Literary Pregnancy

23 Apr

Maybe this is nothing. Or maybe I’m on to something. I’m not sure. Either way, I’d love if you could chime in and let me know if I’m going crazy.

I noticed this a while ago and brought it up to my husband who shrugged, brushed it off, and let me move on. But I brought it up to him again on Monday and he told me I might as well blog about it. So I decided to try listening to him for once.

Does anyone else feel like far too many fictional females get pregnant?

I’m usually not bothered by it, but I’m in the middle of reading The Alice Network by Kate Quinn which includes three pregnancies. I’m also reading The Lola Quartet by Emily St. John Mandel which involves a pregnancy. I feel like I’m surrounded by literary fetuses and I think I’m overwhelmed.

I think there are a few reasons for this. Becoming a mother is a major life change and gives a lot of character development. Also, sex makes for good plotting and pregnancy can be a result of sex so books move in that direction. Pregnancy also builds tension because of unknown due dates or unknown fathers or pending abortions. This can lead to emotional turmoil, also good for tension. These are mostly dramatic results, there’s also happiness and joy but those don’t seem to be turning up in the books I’m reading.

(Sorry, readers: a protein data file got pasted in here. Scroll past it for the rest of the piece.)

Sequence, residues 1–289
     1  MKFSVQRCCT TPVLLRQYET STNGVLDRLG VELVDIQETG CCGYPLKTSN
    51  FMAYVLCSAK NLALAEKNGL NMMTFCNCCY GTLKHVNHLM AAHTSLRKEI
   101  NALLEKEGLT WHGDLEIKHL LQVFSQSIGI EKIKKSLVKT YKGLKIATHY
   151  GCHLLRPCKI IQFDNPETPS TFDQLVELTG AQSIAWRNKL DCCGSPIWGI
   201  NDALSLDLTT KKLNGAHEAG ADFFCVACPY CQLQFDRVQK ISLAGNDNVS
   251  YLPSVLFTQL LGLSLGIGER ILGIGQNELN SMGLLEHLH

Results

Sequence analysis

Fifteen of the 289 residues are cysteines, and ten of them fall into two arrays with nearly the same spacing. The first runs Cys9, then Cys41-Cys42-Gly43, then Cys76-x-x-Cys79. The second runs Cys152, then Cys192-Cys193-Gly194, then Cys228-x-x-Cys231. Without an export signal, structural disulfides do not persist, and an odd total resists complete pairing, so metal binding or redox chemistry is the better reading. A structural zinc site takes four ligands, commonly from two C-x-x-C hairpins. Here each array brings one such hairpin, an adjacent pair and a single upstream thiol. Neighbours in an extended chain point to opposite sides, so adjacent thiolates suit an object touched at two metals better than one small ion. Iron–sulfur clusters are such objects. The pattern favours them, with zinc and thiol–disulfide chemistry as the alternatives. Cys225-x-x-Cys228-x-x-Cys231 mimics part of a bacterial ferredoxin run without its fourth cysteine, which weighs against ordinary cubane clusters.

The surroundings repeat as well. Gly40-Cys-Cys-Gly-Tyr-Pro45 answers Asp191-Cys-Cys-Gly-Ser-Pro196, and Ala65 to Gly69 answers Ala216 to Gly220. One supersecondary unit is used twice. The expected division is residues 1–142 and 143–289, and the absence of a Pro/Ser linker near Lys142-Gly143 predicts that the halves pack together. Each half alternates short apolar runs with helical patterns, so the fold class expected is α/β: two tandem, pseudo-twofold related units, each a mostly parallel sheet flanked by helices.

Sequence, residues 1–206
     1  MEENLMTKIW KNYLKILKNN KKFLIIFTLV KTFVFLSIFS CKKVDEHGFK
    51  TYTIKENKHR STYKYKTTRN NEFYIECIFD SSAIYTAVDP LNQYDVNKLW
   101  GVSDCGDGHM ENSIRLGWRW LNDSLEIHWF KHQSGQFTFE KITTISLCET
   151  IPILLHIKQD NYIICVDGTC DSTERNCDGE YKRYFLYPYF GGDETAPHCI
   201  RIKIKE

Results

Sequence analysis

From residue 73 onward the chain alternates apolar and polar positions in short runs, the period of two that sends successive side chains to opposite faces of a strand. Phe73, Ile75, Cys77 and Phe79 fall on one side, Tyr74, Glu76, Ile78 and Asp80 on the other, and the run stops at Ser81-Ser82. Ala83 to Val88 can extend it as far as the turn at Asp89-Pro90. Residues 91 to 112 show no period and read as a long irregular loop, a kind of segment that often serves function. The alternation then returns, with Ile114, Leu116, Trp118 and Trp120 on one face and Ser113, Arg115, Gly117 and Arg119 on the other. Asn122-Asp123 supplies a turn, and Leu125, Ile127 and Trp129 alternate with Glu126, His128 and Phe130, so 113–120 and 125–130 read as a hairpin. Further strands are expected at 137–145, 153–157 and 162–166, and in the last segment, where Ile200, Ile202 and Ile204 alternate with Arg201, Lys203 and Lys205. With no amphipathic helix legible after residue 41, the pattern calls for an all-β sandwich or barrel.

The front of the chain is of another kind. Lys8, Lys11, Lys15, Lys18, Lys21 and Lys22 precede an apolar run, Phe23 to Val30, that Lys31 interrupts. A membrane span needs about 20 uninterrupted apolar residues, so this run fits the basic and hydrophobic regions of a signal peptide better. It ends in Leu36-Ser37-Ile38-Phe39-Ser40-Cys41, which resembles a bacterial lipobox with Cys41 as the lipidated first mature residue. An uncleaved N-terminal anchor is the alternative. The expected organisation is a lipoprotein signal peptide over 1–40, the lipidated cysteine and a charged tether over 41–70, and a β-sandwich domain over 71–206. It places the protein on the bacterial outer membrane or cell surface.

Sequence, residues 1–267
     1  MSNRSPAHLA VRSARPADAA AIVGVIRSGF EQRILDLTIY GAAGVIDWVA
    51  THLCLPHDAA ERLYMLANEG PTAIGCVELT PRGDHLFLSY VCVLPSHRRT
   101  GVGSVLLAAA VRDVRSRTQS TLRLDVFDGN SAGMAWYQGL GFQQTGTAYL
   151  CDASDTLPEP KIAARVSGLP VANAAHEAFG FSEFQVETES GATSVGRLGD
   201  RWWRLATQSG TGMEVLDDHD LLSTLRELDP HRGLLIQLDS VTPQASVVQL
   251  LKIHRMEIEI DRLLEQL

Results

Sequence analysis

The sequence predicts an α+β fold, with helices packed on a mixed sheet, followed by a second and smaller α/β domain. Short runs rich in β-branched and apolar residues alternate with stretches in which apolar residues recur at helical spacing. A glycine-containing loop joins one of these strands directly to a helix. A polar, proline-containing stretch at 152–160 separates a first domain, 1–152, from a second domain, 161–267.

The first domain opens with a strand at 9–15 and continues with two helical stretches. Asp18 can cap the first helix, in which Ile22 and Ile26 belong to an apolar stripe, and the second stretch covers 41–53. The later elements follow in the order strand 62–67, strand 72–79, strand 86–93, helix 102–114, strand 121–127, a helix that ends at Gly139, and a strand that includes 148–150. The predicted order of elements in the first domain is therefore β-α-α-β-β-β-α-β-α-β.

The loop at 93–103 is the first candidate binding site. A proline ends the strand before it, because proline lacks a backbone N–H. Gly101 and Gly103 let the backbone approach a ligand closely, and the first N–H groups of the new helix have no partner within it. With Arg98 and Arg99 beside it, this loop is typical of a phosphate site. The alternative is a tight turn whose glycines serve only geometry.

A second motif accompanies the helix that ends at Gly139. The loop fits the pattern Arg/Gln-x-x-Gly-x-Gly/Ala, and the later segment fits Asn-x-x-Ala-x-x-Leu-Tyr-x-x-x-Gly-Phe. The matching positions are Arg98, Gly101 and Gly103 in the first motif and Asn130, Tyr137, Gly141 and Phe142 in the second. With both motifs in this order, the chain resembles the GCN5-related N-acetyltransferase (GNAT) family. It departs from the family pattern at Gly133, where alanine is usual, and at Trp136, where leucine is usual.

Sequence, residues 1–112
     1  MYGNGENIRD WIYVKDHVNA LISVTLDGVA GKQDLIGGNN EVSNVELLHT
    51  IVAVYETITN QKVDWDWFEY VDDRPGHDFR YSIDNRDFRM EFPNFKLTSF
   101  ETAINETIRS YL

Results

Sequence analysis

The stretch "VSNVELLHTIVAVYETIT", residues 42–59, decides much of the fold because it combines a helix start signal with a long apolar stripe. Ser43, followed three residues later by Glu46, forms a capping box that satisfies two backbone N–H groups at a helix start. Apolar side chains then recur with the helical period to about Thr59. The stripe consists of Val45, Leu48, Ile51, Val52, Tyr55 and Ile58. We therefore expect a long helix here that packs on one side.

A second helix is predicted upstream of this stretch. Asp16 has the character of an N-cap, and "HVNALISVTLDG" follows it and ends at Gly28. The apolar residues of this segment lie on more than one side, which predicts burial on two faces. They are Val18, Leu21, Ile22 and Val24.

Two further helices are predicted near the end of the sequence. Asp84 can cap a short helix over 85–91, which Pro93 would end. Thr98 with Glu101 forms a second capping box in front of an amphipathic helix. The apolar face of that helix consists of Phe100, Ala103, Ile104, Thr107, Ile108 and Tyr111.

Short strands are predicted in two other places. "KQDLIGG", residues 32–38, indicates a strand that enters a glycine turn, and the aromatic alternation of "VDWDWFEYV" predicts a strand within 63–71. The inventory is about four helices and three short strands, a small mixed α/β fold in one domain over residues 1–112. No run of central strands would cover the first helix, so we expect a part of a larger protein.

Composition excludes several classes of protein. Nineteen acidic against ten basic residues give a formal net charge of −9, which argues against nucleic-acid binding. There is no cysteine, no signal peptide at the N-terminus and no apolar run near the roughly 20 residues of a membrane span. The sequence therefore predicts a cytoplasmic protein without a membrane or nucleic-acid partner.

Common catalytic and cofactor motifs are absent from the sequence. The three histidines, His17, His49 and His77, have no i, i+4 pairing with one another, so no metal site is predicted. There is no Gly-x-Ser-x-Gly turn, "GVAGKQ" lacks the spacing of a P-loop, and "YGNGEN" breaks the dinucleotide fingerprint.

I noticed this first when I was reading Armada by Ernest Cline. Two of the characters are intimate once and the woman gets pregnant. It seemed a bit too convenient for me. I get that it happens and it only takes one time, but I think it happens disproportionately in literature.

And that’s where my frustration lies. Pregnancy in books seems to defy the odds of nature. The amount of failed birth control and virginity-losing pregnancies in books seems to be a good bet in Vegas. It just doesn’t seem possible. I was so convinced Eilis in Colm Tóibín’s Brooklyn was going to find herself pregnant that I was shocked when she didn’t.

Maybe I’m rambling. Maybe I’m off base. Maybe I’m spot on. What do you all think? Is the fertility of fictional woman off the charts? Leave a comment and let me know what you think.

Until next time, write on.

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38 Responses to “Literary Pregnancy”

  1. Holly April 23, 2020 at 10:17 AM #

    This is a really interesting point!! I’m going to pay attention when I read about pregnancies from now on…